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An Official Publication of the Indian Association of Oral and Maxillofacial Pathologists


 
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ORIGINAL ARTICLE  
Year : 2021  |  Volume : 25  |  Issue : 2  |  Page : 226-231
 

Analysis of ENAM gene single-nucleotide polymorphism rs3796704 with caries susceptibility in young adult Tamil population


1 Department of Oral and Maxillofacial Pathology, SRM Dental College, Chennai, Tamil Nadu, India
2 Department of Oral and Maxillofacial Pathology, Saveetha Dental College, Chennai, Tamil Nadu, India
3 Department of Stomatognathic Function and Occlusal Reconstruction, Tokushima University, Tokushima, Japan
4 Department of Microbiology, SRM Dental College, Chennai, Tamil Nadu, India

Date of Submission02-Mar-2020
Date of Decision14-May-2021
Date of Acceptance18-May-2021
Date of Web Publication31-Aug-2021

Correspondence Address:
Niveditha Thampan
Department of Oral and Maxillofacial Pathology, SRM Dental College, Bharathi Salai, Ramapuram, Chennai - 600 089, Tamil Nadu
India
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Source of Support: None, Conflict of Interest: None


DOI: 10.4103/0973-029X.325119

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   Abstract 


Background: Dental caries is as primeval as humanity, but still, investigations are undergoing regarding the etiopathogenesis behind this multifactorial disease. Genetics is known to play a vital role in the etiology behind dental caries in addition to environmental and socioeconomic factors. Genetic variations like single-nucleotide polymorphisms (SNPs) were extensively studied in the past decade to portray the etiopathogenesis contributing to dental caries.
Aim: This investigation was undertaken to analyze the ENAM gene SNP rs3796704 with caries susceptibility in ethnic young adult Tamil population of India.
Materials and Methods: Out of 370 patients included, 215 patients belonged to the high caries group (Decayed, Missing and Filled Tooth [DMFT] ≥2) and 155 patients belonged to the low caries group (DMFT ≤ 1). DNA was extracted from the blood of all the individuals. SNP genotyping was performed utilizing tetra-primer amplification refractory mutation system–polymerase chain reaction with specific primers.
Results: The genotyping results showed that there were no differences in allelic (P = 0.114) and genotypic frequencies (P = 0.159) between the high caries and low caries groups.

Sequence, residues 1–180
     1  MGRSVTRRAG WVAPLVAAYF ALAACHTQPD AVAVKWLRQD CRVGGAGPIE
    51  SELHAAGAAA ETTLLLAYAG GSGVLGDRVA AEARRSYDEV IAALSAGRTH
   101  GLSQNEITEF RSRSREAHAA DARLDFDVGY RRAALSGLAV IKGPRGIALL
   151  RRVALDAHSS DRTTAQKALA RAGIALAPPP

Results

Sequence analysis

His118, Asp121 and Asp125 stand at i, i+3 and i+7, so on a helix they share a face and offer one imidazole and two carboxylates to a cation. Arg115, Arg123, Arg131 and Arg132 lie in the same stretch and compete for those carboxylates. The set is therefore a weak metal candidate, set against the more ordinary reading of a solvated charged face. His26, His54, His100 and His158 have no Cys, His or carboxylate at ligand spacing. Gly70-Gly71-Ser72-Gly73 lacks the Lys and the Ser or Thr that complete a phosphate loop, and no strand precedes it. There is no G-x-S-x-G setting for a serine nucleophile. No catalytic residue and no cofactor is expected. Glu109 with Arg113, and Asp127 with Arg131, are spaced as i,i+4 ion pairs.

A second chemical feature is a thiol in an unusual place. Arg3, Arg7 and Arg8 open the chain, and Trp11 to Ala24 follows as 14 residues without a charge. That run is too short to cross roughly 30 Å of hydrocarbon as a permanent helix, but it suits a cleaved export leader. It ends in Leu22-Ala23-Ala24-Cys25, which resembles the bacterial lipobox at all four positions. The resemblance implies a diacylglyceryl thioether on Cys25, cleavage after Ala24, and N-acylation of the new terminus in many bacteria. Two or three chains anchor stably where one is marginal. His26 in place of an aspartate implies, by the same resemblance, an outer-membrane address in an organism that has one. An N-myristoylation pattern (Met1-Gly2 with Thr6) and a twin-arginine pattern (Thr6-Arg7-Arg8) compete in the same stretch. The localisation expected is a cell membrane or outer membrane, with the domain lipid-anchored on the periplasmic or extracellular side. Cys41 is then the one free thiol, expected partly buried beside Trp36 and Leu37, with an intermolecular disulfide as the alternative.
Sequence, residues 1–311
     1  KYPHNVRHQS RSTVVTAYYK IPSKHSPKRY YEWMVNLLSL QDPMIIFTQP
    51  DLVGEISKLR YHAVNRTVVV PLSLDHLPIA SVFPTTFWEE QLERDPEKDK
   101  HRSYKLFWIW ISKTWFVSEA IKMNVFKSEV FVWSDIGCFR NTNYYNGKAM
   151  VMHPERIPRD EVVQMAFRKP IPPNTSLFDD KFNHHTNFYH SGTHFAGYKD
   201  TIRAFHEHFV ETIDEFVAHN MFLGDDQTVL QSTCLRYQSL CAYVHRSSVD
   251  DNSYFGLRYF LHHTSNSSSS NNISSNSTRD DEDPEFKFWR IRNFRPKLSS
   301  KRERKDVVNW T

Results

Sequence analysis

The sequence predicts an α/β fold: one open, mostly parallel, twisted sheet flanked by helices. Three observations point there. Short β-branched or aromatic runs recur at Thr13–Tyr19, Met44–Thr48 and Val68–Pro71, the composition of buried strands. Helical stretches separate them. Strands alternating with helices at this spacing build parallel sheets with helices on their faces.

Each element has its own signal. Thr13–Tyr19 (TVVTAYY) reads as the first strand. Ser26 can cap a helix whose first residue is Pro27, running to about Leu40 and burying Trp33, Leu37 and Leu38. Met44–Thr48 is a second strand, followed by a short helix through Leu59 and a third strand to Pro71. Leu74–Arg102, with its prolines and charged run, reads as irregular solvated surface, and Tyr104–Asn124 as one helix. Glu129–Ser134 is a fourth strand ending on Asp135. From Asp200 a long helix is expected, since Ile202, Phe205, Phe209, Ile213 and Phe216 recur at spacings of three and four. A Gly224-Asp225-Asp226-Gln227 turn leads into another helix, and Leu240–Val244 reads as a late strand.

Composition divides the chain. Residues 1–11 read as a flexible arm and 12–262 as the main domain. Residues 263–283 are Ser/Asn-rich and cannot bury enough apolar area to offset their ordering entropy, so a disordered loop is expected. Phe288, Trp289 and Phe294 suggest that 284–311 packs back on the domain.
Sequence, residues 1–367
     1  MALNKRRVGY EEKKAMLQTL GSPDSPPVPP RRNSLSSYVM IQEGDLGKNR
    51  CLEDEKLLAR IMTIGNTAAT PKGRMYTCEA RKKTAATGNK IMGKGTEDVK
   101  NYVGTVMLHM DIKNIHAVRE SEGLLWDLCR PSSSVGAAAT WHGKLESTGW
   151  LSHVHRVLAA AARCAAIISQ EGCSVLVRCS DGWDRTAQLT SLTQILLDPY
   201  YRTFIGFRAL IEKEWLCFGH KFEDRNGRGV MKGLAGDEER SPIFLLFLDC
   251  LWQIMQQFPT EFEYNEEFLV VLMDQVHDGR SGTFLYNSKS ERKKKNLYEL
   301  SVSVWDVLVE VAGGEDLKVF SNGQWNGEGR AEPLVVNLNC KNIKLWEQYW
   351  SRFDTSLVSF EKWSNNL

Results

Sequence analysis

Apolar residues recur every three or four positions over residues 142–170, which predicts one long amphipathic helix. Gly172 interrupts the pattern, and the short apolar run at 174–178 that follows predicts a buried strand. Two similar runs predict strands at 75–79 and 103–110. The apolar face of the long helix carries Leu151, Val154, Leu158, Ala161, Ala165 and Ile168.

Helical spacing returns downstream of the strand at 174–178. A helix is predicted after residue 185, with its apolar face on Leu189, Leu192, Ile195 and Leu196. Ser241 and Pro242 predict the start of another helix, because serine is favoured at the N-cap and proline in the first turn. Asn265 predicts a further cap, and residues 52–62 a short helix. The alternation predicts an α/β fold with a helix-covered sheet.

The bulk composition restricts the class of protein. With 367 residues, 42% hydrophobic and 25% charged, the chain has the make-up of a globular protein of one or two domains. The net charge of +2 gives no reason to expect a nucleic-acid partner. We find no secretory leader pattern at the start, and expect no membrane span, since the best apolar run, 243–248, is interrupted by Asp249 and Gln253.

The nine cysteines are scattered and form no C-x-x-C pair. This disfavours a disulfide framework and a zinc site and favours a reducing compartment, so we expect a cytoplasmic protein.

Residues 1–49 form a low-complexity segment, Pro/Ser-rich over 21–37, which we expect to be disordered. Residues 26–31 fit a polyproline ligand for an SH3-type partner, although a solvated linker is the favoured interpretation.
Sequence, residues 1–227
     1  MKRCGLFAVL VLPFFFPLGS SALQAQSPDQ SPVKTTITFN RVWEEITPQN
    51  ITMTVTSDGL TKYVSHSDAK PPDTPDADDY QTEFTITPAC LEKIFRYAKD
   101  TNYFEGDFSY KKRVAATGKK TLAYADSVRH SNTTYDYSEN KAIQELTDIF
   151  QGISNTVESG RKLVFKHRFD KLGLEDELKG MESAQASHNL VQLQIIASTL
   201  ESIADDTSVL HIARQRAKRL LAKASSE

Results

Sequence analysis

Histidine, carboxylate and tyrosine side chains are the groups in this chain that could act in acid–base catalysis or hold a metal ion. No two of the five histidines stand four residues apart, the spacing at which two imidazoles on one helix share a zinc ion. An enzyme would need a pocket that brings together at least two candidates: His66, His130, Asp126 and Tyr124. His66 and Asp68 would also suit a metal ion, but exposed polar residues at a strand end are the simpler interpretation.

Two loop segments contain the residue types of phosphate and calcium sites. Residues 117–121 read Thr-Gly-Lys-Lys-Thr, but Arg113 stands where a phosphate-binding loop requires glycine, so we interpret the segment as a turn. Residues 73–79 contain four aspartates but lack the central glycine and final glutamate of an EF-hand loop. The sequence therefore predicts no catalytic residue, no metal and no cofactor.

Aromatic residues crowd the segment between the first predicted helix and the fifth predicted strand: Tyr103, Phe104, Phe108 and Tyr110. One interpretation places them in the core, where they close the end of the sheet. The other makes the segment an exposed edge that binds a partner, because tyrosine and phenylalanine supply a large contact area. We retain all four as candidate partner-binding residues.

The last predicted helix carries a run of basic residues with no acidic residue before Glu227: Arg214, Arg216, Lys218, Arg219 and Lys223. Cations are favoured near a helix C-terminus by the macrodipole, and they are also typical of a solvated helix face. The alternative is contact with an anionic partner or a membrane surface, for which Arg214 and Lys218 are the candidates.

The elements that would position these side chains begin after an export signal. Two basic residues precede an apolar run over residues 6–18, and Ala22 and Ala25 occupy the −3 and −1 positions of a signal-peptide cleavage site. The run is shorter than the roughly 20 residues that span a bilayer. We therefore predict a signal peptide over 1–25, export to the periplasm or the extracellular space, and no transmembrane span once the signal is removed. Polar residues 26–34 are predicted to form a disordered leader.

Conclusion: Future studies can be conducted in larger samples and different ethnicities around the globe to analyze the role played by SNPs of enamel formation genes in cariogenesis.


Keywords: Decayed, dental caries, ENAM, Missing and Filled Tooth, single-nucleotide polymorphism, tetra-primer amplification refractory mutation system polymerase chain reaction


How to cite this article:
Thampan N, Ramya R, Swarnalakshmi R, Rajkumar K, Savithri S, Divyalakshmi G. Analysis of ENAM gene single-nucleotide polymorphism rs3796704 with caries susceptibility in young adult Tamil population. J Oral Maxillofac Pathol 2021;25:226-31

How to cite this URL:
Thampan N, Ramya R, Swarnalakshmi R, Rajkumar K, Savithri S, Divyalakshmi G. Analysis of ENAM gene single-nucleotide polymorphism rs3796704 with caries susceptibility in young adult Tamil population. J Oral Maxillofac Pathol [serial online] 2021 [cited 2021 Dec 8];25:226-31. Available from: https://www.jomfp.in/text.asp?2021/25/2/226/325119





   Introduction Top


Dental caries is an oral pathology of multifactorial etiology.[1] Environmental factors such as increased number of cariogenic bacteria in the mouth, poor oral hygiene, dental plaque, cariogenic diet, poor salivary characteristics and insufficient fluoride exposure can collectively lead to formation of dental caries.[2] However, researches in the past decade had revealed that despite the individuals being exposed to the same levels of environmental risk factors, some of the individuals were more prone or more resistant to caries. Furthermore, the investigators could not explain the process of polarization of caries in a specific group of people.[3] All these problems prompted the researchers to analyze if genetics could be a causative factor for dental caries.